Caught in the Act of Protest
This project attempts to find answers to the questions of who participates in protest, for what reason, and how they are mobilised. As the motivational dynamics of different forms of participation vary, we chose to focus on one particular type of protest, namely, protest demonstrations. The decision to take part in a protest demonstration is not taken in isolation but within a wider social and political context. We will investigate the impact of contextual variation on the dynamics of protest by comparing demonstrations in different countries and mobilizing contexts. Studies of protest behavior typically focus on a single protest event, which takes contextual variation out. Instead, we will develop comparative designs that enable us to study the influence of the national and mobilizing context. To that end we have developed a common theoretical framework, standardized measures, and techniques of sampling and data collection.
To know more: Project proposal, SNSF Research Database
Project website: http://www.protestsurvey.eu/
Protest survey data including samples of participants in protest demonstrations. This method consists in studying and surveying protesters caught in the act of protesting in the field rather than by asking them about their past or potential participation in general population surveys. Between 2009 and 2012 each collaborating team collected data on at least eight demonstrations on a broad variety of issues. Each national team used the same core questionnaire, containing a fixed set of questions in a fixed sequence as agreed upon by all teams. However, each team has the opportunity to include an individual module including questions of their own interest.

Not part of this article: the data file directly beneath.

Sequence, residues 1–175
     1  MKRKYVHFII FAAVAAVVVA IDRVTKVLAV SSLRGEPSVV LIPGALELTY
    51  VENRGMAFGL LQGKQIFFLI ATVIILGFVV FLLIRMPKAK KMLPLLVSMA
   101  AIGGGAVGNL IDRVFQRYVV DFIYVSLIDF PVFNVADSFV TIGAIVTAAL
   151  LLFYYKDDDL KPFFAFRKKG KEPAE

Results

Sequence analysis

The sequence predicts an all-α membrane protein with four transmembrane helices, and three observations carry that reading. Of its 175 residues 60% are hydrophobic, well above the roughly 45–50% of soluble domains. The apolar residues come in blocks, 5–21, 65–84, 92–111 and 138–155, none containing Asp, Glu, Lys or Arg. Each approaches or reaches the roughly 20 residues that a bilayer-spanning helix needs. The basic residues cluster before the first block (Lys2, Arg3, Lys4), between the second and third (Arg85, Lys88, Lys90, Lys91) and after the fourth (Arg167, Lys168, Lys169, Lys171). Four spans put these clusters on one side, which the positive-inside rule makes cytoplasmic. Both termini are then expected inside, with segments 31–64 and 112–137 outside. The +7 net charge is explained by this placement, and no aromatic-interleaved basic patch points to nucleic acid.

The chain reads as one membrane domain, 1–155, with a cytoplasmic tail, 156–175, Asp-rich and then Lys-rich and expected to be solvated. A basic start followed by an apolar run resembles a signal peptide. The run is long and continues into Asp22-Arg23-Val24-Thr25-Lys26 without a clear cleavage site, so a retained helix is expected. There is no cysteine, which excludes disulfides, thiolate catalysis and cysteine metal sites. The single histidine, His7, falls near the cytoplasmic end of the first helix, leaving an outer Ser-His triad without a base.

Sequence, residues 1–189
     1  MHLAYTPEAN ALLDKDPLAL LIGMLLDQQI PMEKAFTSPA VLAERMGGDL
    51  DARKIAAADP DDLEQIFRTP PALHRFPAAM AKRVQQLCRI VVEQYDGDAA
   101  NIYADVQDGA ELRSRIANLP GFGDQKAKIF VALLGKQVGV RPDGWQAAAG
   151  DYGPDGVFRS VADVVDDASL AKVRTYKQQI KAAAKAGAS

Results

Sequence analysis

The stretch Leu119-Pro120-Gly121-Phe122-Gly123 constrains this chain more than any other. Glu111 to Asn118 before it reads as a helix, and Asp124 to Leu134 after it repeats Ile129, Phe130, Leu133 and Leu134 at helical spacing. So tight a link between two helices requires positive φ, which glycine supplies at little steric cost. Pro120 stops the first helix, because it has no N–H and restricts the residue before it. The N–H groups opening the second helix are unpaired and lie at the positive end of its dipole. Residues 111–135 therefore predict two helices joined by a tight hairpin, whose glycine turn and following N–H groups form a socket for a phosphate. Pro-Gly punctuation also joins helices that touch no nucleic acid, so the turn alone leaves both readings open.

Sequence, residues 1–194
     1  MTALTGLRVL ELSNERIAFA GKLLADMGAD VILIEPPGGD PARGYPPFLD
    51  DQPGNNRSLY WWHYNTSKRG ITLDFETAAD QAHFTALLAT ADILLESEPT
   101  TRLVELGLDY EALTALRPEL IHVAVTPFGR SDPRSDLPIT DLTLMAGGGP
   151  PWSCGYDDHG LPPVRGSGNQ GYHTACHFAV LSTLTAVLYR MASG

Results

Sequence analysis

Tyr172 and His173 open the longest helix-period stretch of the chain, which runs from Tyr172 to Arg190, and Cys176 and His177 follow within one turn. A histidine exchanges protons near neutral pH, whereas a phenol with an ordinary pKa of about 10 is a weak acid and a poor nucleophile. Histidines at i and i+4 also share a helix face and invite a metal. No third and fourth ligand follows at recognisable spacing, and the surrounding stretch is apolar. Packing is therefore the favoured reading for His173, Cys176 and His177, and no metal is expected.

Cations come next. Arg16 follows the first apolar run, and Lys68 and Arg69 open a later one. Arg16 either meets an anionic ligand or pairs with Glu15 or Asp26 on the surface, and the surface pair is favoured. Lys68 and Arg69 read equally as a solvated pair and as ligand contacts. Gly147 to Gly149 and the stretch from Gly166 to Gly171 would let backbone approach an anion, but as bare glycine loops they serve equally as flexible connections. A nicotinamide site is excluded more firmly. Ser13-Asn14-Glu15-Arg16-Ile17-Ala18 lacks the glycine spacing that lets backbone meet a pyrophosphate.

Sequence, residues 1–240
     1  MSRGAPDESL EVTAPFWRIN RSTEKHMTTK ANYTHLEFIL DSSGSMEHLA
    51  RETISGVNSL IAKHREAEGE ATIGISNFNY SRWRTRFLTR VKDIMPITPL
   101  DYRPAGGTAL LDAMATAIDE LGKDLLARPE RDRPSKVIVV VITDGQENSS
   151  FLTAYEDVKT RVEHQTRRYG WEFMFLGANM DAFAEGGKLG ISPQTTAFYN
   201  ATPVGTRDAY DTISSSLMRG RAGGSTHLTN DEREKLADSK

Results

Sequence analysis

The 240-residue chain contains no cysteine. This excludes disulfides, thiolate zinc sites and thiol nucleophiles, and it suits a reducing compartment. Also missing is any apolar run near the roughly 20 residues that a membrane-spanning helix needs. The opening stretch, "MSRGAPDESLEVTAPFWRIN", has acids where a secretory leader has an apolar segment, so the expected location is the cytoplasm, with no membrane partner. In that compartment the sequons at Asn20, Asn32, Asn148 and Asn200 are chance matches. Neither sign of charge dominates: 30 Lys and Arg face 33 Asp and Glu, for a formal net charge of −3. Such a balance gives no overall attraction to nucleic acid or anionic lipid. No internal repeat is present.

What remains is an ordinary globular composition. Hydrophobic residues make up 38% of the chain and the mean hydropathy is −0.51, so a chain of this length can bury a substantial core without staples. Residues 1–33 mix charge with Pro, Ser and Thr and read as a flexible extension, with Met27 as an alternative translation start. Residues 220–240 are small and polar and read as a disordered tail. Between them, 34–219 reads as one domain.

Spatial Coverage: Belgium, Czech Republic, Italy, Mexico, Netherlands, Spain, Sweden, Switzerland, United Kingdom
Time Method: Cross-section
Analysis Unit: Individuals
Universe: Participants in protest demostrations
Mode of Data Collection: Postal interviews (handed out at demonstrations), face-to-tace interviews (subsample)
Sampling Description: The data on protesters were collected employing two techniques which aimed to obtain a random sample of demonstrators attending a given demonstration. The first technique aims to guarantee that every protester in the area where the protest event takes place has an equal chance of being selected by one of the interviewers with the request to fill in a postal survey. First, the size of the protest is estimated allowing pointers – or expert team leaders – to calculate the number of rows that should be skipped to cover the entire protest. Second, pointers select the individual that each interviewer should interview, minimizing bias since interviewers were found to be more likely to approach subjects similar to themselves in previous studies. In this way, interviewers are sent out every nth number of rows to conduct a face-to-face survey and/or hand out a postal survey to a specific protester. The second technique is a device to control for non-response. In addition to the postal survey, short face-to-face interviews were conducted with every 1 in 5 interviewees prior to handing out the survey.
Data Collection Instruments: Manual data collection
Further Documentation: Data codebook, Adaptations document
How to Get the Data? https://doi.org/10.17026/dans-zwj-gkeu
How to Cite? Klandermans, prof. dr. P.G. (Vrije Universiteit Amsterdam); Van Stekelenburg, dr. J.; Gaidyte, Dr. T. (2014): Caught in the act of protest: CCC-project. DANS. https://doi.org/10.17026/dans-zwj-gkeu
- Giugni, Marco; Grasso Maria T. (eds.). 2015. Austerity and Protest: Popular Contention in Times of Economic Crisis. Farnham: Ashgate.
- Giugni, Marco, Grasso, Maria T. 2019. Street Citizens: Protest Politics and Social Movement Activism in the Age of Globalization. Cambridge: Cambridge University Press.